The older niece, who was my age, sometimes turned to her sister in search of a word and commented that her English wasn’t great.
But for a non-native speaker, I thought she spoke wonderfully.
There’s been an increasing emphasis in the past couple of decades on American children learning another language.
My mother had a foreign language requirement in both high school and college, but my father didn’t have one — foreign languages were still considered an elective for him and his classmates.
I’ve had to take one since the first grade. I was never very good at it — actually, I’ve hated every Spanish class I’ve ever taken, all 12 years’ worth. And in that 12 years, I got — well, “nothing” seems too extreme, but I’m far from fluent.
And when I got to college, I continued with Spanish because I’d tested out of part of the requirement.
But I never got an “A” in a language class, finished as quickly as possible and practically threw myself a party when I was finished, so relieved was I that it was over.
Basically, I treated it the same way I treated math classes.
I’m convinced that I’m never going to need high-level math — it’s important to be able to do long division, but I probably won’t ever need to prove the third angle of a triangle.Others might need it, but this journalism and history major will be avoiding math-related jobs.
Foreign languages, however, apply to all majors.
In an age of increasing globalization, the more languages you speak, the better. So foreign language requirements in school, as much as I didn’t like them, can really only help.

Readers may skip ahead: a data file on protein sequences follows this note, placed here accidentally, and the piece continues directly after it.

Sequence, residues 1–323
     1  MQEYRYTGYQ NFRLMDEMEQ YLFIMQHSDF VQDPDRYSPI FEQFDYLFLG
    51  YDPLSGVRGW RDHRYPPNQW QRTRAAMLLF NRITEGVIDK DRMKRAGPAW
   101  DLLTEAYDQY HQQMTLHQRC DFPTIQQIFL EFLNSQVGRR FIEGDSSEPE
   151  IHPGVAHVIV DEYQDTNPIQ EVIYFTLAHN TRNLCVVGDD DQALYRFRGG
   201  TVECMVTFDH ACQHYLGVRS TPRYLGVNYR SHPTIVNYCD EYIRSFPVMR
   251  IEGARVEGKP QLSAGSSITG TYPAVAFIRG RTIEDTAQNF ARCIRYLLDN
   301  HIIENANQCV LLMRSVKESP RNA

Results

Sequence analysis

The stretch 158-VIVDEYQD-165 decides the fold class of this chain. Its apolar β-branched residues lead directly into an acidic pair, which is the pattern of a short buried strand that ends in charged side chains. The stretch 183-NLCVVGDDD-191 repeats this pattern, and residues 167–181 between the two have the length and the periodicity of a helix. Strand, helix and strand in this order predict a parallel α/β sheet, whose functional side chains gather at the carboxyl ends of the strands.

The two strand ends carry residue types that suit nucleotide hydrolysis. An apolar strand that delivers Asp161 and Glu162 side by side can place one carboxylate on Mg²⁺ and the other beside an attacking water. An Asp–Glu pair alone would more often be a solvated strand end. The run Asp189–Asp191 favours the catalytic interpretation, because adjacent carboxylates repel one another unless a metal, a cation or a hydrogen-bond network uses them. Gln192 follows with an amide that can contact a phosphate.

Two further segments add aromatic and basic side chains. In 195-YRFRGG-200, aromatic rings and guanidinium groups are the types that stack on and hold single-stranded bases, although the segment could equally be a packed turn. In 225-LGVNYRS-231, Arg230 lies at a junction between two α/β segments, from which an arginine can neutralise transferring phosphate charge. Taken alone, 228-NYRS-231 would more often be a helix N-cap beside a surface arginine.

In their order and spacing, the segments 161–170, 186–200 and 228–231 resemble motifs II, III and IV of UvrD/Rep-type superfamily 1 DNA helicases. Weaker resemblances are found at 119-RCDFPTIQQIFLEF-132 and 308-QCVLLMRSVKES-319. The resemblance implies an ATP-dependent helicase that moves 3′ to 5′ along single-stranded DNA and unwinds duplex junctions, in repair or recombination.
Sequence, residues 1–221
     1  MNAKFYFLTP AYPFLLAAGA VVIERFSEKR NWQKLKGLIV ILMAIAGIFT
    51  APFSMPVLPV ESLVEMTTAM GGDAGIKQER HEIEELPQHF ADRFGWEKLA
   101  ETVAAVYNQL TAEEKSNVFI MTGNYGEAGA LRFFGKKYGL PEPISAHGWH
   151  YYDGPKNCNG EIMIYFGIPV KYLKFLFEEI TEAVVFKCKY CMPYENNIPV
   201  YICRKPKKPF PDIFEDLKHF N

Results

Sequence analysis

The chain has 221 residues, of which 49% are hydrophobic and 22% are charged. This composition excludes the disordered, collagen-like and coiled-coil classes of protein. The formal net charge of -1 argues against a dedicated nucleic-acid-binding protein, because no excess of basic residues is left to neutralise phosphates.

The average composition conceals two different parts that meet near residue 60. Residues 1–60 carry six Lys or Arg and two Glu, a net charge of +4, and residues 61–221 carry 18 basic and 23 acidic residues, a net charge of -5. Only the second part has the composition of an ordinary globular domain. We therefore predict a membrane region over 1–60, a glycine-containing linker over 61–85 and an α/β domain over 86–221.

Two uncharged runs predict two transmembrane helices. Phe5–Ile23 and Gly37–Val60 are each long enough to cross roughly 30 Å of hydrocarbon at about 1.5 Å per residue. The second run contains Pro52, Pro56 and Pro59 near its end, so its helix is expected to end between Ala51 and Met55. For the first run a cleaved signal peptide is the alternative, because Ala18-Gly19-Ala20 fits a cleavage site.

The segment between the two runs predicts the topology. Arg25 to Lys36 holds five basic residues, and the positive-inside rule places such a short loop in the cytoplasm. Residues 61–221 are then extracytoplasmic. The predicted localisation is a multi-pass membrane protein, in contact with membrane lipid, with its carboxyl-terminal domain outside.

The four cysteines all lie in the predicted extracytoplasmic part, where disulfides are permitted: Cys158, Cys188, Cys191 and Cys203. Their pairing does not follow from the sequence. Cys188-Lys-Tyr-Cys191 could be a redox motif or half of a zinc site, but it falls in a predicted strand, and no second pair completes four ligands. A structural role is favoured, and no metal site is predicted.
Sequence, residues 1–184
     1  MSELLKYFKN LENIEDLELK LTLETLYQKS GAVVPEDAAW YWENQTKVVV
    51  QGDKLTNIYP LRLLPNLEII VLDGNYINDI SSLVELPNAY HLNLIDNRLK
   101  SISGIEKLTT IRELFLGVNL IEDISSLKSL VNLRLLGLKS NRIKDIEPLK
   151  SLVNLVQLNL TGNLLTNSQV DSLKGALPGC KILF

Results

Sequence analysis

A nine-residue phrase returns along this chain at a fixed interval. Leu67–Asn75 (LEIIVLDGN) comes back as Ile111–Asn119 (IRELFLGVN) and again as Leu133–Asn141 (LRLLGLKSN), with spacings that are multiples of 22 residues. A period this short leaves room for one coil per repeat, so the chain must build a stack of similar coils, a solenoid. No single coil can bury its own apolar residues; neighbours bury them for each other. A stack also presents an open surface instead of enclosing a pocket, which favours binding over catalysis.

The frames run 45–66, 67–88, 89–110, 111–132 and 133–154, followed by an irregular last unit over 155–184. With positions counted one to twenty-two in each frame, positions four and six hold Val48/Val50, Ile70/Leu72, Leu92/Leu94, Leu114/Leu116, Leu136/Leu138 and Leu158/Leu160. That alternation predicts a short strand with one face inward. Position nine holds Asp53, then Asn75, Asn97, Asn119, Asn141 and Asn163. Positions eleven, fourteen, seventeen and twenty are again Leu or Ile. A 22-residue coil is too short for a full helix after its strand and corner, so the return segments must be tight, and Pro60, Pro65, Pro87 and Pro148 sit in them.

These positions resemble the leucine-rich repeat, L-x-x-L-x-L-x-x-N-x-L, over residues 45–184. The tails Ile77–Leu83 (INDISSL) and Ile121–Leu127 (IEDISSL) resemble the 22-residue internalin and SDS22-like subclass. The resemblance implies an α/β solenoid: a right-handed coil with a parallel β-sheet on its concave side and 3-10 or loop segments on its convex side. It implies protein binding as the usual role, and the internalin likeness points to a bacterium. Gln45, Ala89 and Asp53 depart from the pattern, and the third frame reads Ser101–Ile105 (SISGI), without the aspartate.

In practice, 12 years of Spanish means I could help a Spanish-speaking customer pick out and pay for an outfit when I worked in retail, but I’d be lost after about five minutes in Madrid. I just don’t know enough Spanish.
I’ve found that’s the case for a lot of people: They learn enough to survive a class, but that’s it. They can’t apply the material to real life.
So while language requirements are a good thing, there needs to be an increased emphasis on students really learning the language, not just a few vocabulary words and (if they’re lucky) the difference between the preterite and imperfect tenses.
Steps are being taken toward our becoming a more bilingual country.
My nephew can count in Spanish almost as well as he can in English thanks to “Dora the Explorer,” and a show called “Ni Hao, Kai Lan” is basically the Chinese language equivalent.
Language-learning tools such as Rosetta Stone are geared toward teaching adults how to speak the language they didn’t really pick up in school — or any other tongue.
But if students are taught from a young age and in a less stringent way, they might actually learn something in their classes.
For something this important, students should really be taught how to do it, not just how to squeak by.
I won’t be going back for more Spanish classes — I just don’t think they’ll get me very far. But I hope that by the time my kids hit school, they’ll really be taught to speak another language.
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